Another was the coalition agreement move not to proceed with another parliament building. Imagine how opening that would have gone down with the public right now.
The likelihood of the Births Deaths and Marriages self-identity clause getting through Parliament let alone Cabinet under Winston Peters would be zero. He had and has no time for what in 2020 he called “woke pixie dust.” What we see now in 2023 is a fractious, splintered leftist movement that has rapidly turned against each other and whose key achievement, Three Waters, has been one of the governments’ most politically expensive disasters.
Winston Peters certainly had a hand in killing off a Capital Gains Tax in April 2019. Whether this was a convenient excuse for Ardern at the time or not, Prime Minister Hipkins certainly understands that Winston’s political calculus was more accurate than those of Parker or Robertson. It wasn’t Hipkins that killed it off. Listen to what Peters said in July 2020 of high-tax parties and see if he’s wrong when you see our economic doldrums now:
The only idea these people ever have is how to spend someone else’s money and no idea how to grow a nation’s economy. Tax policy needs to be smart, targeted towards our exporters, growth in the economy and jobs, jobs, jobs.”
Uncomfortable for the die-hard remnant of Ardern supporters though it may be, Winston Peters was the only politician to engage with the protesters on the grounds of Parliament in 2022. New Zealanders are not fickle and Winston’s people do remember. Those protesters and their families will reward him for it and Labour will in part be punished for it.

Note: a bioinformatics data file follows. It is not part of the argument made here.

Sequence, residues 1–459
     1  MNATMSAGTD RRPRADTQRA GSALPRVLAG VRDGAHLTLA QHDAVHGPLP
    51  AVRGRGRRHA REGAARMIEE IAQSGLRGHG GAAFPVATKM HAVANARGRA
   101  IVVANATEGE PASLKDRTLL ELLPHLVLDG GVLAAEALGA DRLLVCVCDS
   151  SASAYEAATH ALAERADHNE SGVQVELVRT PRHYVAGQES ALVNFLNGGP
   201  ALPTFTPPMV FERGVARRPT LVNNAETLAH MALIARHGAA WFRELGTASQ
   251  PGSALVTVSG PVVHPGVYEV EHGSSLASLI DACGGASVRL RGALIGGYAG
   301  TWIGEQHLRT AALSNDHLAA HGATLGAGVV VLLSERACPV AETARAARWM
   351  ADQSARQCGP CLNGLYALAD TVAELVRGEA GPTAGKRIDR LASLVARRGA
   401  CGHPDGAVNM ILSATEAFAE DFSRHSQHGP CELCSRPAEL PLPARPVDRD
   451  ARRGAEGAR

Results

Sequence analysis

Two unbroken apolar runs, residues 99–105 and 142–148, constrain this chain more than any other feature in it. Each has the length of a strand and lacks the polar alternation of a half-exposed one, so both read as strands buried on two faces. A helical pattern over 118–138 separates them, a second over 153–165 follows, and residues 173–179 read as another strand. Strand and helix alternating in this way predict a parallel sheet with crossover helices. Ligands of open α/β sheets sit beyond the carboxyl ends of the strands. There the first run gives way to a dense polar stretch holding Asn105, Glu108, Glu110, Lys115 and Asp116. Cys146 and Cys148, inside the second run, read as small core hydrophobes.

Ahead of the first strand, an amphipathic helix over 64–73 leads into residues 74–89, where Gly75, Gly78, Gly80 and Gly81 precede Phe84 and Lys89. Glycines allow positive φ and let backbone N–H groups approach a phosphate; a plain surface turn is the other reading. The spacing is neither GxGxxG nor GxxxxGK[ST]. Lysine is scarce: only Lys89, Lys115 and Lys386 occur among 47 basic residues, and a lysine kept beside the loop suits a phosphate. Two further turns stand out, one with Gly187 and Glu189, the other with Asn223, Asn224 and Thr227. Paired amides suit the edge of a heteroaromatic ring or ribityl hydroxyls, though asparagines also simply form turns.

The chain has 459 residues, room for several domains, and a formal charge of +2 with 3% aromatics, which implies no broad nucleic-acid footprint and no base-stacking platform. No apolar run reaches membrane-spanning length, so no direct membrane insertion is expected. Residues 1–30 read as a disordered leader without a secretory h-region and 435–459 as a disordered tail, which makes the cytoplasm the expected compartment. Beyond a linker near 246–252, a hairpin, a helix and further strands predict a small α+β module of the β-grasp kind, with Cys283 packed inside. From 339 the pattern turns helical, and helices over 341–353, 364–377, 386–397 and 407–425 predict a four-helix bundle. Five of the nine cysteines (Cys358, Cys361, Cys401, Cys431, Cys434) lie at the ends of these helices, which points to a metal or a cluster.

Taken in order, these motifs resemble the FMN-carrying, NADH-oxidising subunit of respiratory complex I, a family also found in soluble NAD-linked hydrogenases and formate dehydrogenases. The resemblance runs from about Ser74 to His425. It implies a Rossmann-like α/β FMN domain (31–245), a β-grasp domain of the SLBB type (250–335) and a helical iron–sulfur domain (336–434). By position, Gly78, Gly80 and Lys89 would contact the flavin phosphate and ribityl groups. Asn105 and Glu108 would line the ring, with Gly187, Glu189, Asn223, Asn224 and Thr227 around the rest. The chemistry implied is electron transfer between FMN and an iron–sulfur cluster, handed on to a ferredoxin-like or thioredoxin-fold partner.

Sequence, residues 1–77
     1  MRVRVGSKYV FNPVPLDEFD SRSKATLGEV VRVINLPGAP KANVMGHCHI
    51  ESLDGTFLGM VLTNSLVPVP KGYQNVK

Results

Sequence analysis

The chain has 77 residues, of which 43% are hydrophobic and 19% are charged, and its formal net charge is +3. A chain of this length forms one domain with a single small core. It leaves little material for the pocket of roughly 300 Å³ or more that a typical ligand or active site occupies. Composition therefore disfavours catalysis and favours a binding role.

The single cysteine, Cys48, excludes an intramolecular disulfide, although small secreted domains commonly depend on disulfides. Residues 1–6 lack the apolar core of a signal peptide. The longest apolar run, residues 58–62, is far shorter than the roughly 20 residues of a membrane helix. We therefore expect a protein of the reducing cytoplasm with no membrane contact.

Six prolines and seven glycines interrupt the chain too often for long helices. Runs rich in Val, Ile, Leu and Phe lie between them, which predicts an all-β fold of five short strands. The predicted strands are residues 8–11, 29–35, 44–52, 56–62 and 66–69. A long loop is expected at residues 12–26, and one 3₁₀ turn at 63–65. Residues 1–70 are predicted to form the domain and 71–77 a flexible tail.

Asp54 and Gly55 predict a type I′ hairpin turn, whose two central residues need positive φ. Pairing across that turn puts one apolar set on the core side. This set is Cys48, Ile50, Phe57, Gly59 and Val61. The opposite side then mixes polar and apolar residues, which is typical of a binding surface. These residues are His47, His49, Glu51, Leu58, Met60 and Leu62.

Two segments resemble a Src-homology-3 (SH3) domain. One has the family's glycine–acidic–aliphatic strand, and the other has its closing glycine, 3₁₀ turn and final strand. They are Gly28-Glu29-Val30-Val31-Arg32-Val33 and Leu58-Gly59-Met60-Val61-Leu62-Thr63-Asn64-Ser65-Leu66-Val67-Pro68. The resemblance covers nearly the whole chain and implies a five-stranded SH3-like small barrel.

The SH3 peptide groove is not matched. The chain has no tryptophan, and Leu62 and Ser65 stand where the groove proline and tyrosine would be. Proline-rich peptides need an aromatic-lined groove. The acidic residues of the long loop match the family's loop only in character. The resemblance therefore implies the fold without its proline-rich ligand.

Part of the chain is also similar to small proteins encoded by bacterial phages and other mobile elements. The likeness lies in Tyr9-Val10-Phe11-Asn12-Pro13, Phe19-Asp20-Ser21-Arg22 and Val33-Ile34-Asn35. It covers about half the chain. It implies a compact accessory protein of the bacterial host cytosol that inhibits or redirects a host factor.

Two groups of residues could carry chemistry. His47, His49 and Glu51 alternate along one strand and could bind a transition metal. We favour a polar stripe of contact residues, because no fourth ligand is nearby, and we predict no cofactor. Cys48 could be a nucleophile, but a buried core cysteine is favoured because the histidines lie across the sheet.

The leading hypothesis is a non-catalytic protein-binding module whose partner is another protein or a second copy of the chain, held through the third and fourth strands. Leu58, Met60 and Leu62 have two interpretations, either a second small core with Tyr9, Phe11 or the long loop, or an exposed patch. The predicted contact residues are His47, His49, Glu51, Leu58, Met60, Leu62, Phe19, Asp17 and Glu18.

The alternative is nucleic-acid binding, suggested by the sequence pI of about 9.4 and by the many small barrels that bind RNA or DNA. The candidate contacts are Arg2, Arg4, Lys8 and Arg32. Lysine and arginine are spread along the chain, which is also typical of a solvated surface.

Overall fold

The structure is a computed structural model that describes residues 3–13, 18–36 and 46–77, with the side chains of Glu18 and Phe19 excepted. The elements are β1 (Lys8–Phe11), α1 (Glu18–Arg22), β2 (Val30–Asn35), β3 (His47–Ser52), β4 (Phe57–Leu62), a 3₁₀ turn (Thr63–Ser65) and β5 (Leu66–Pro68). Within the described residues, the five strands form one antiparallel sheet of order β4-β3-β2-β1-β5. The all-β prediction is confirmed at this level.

Winston Peters together with his colleague Shane Jones were the only New Zealand politicians who sought to publicly hold our largest business, Fonterra, to any kind of account. The current Labour government have legislated again and again to give them everything they want. Fonterra have continued to make New Zealand one of the most narrow and vulnerable exporting economies in the world, to just one country, China. Fonterra through 2018 made huge losses, marked down everything it owned, started to sell off all its overseas businesses, and rapidly shrank. Our one business of any internationally competitive scale. Fonterra’s multi-decade promises to increase its value-added goods have been nothing but lies. Shane Jones also called for the Chair of Air New Zealand to be sacked, for abandoning regional New Zealand centres. Just imagine if we had a current government who really held our key companies to account whether public or private.
Had Winston Peters been in the coalition this term, there is 0% chance that Mahuta and Sage would have been able to cook up their late-night SOP to entrench the 3 Waters legislation to achieve a 60% vote in order to privatise the water entities that were then proposed. Not because he would have opposed the idea of resisting sales of water entities, but because he would have targeted the legislation towards centralised governance and not an irrational regional hybrid that we had last left behind with provincial government in the 1870s.
Winston Peters got stuff done in the Ardern government because he was one of the very few in there with the experience to make a deal, how to get it paid for, how to deliver it, how to take credit for it, and how not to over-extend. None of those elements were evident in the 2020 coalition arrangement.
That is why New Zealand First are going to get back into parliament in 8 weeks time.